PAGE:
The Sterling and Francine Clark Art Institute, commonly referred to as the Clark, is an art museum and research institution located in Williamstown, Massachusetts. Its collection consists of European and American paintings, sculpture, prints, drawings, photographs, and decorative arts from the fourteenth to the early twentieth century. The institute also serves as a center for research and higher learning. It is home to various research and academic programs, which include the Fellowship Program and the Williams College Graduate Program in the History of Art.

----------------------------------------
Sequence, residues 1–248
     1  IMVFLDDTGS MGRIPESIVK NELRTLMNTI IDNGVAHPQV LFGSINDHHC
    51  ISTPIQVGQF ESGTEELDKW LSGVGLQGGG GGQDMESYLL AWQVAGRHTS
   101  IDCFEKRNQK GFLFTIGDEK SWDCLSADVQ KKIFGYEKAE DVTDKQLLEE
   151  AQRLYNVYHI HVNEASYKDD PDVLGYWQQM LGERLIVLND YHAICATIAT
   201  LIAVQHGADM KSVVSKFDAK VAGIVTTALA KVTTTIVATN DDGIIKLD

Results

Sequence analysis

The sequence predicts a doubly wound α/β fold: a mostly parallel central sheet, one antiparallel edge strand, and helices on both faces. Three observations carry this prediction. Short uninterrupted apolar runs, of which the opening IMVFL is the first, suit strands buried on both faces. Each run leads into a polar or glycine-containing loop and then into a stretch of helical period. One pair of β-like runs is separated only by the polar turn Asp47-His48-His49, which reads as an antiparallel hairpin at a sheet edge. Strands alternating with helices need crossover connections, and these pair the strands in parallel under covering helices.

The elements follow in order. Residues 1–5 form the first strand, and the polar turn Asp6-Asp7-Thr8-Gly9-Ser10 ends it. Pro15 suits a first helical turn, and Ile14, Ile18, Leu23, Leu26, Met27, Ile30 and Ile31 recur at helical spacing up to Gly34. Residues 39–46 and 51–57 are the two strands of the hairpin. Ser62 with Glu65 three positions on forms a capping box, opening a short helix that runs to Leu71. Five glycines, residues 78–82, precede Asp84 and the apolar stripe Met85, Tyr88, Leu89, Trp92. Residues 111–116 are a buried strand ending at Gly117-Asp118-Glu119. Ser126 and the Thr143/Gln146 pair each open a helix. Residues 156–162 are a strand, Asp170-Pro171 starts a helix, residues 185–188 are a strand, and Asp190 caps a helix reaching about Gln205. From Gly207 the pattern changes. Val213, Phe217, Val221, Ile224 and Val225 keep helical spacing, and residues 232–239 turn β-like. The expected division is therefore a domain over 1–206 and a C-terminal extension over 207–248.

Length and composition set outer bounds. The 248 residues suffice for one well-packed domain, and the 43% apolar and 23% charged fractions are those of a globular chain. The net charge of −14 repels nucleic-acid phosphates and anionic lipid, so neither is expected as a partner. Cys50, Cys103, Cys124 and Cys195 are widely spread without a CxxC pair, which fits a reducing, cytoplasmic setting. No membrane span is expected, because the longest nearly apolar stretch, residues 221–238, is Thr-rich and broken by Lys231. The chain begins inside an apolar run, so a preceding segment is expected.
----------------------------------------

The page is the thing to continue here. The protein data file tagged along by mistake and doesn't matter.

The Clark, along with the Massachusetts Museum of Contemporary Art (MassMoCA) and the Williams College Museum of Art (WCMA), forms a trio of art museums in the Berkshires of Western Massachusetts. The Clark was created by entrepreneur, soldier, explorer, and prominent art collector Robert Sterling Clark, and his wife, Francine. After numerous adventures in the Far East, Sterling settled in Paris in 1911 and used a considerable fortune inherited from his grandfather (a principal in the Singer Sewing Machine Company) to begin amassing a private art collection. Francine joined him in collecting works of art after their marriage in 1919. The Clarks kept their collection largely private, rarely lending out any works. With the onset of the Cold War and rapid nuclear armament, they became increasingly worried about the safety of their artworks. They wanted to protect their collection from a possible attack on New York City, where they lived. The Clarks began looking at sites in rural New York and Massachusetts with the intention of founding a museum for their art. The Clark was formed in 1950 and opened to the public in May 1955. The Clark has since become a destination for tourists, art lovers, and scholars, helping to establish the cultural reputation of the Berkshires.
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